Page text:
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Poison Ivy

DC Signature Collection
by yo go re

Why does everybody consider Poison Ivy evil? She's just an average girl, looking to get plowed.

Timid Pamela Isley was a botanist who worked with famous scientist, Dr. Jason Woodrue. Developing an experimental serum to create human/plant hybrids, Woodrue injected the skittish Isley. She was transformed into a beautiful, green-skinned, chlorophyll-enhanced vixen with the ability to attract using pheremones and kill with powerful toxins. Considering herself an environmental protector, she uses these powers to perform villainous acts on behalf of her precious plant-life.

When she first appeared, Poison Ivy had no origin: she was just a seductress with a green swimsuit and some chloroform (not chlorophyll) lipstick - she wasn't even immune to it herself, having to plug her nose to keep from passing out. It wasn't until 1978 that we were told her name was Lillian Rose and she'd been poisoned by her professor (and it wasn't until 1989 that that professor was changed to Dr. Jason Woodrue, the Floronic Man).

When originally created, Ivy was based visually on Bettie Page - so even back then, she was a sexpot. The styles may have changed, but that's remained constant. These days she has long, wild hair that spills all the way down below her butt, and it's sculpted with some leaves poking out through the locks. Her face isn't as flat as some Mattel women's have been.

In a shocking turn of events, Pam gets newly sculpted pieces that aren't just her head. Seriously, after spending 20 series taking DCUC to task for its reused bodies, we feel honor-bound to make it up to them by basking in amazement every time one of these online-only figures delivers something better. Her arms and legs may be reused, but both her upper and lower torso are new since they needed to have the fully detailed leaf trim around the edges of her suit (to say nothing of the choker at her neck). And she may not be the first DC woman with bare feet, but hers don't have claws coming off the toes.

This is modern Poison Ivy, so her skin is green. Despite what a lot of fans think, that isn't a feature that first appeared in the cartoons: in BtAS, she was a normal, human pink, and even when the character models were redesigned, her skin was more gray than green - Catwoman's blue skin was more extreme than Ivy's green. As far as we can tell, the first time she was ever shown to be green was during the "No Man's Land" storyline (shortly after Catwoman smashed a vial of "super fertilizer" in her face, coincidentally enough). There's some shading, but mostly the tone is even all over her body, so obviously Mattel doesn't subscribe to Artemis's theory.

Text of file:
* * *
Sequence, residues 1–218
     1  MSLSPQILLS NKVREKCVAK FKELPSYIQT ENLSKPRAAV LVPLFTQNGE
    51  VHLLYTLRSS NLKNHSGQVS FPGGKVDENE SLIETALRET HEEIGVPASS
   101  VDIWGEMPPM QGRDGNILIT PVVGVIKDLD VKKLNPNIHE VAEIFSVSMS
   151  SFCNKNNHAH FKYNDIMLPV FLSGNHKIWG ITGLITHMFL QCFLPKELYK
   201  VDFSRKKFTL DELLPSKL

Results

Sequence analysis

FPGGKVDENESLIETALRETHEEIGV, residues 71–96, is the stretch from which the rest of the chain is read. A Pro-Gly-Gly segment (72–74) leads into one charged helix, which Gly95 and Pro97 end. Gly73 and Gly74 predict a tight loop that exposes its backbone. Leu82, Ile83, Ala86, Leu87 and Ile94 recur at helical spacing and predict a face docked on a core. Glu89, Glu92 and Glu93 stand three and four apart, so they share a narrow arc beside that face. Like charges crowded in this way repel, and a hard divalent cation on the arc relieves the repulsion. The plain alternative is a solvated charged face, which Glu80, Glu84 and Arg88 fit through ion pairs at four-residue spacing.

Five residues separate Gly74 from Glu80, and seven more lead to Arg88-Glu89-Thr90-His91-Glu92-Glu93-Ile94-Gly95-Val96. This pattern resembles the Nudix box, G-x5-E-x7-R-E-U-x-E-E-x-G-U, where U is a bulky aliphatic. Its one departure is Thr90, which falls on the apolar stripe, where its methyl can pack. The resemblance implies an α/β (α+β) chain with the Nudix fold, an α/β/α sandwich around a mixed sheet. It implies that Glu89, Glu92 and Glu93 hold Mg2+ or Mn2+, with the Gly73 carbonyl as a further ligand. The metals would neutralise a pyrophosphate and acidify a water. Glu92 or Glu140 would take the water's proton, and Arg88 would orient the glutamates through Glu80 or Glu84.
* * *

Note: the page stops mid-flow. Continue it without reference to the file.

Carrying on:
Poison Ivy comes with some accessories: three strands of ivy that wrap around her arms and left leg. You can remove them easily, if you want to, but they're only sized for her limbs, so you can't wrap them around, say, Batman and still have them look right. They do look very nice on her, though, and the sculpted details are good.

The portrait on the back of the box is even better. Mike Thompson has kept the green skin, but given her more personality than the toy would be able to manage. Her face isn't quite as sinister as you might expect from a vamp like Ivy: she looks just a little more sweet and innocent than she should. Maybe she's looking at Harley rather than a target. She has thinner, more intricate vines than the toy does, and a thicker bush. Of leaves! Leaves on the edge of her costume! She's posed seductively on a large, woody vine that appears to be sprouting a rose at the end - such is the magic of being a pseudo Swamp Thing (in-canon, not from a creative standpoint)! Mattel needs to release these paintings as wallpapers or something.

Poison Ivy is one of the major Batman villains, and definitely would have sold if she'd made an appearance in any of the three (four? five?) different DC lines Mattel had at mass retail. So why, then, was she relegated to the online line? Well, Mattel used the promise of Ivy to entice us to subscribe, but that doesn't explain why she couldn't have been done for DCSH years ago. The figure's very good, though, especially since they didn't skimp on the leaves.

-- 11/15/12

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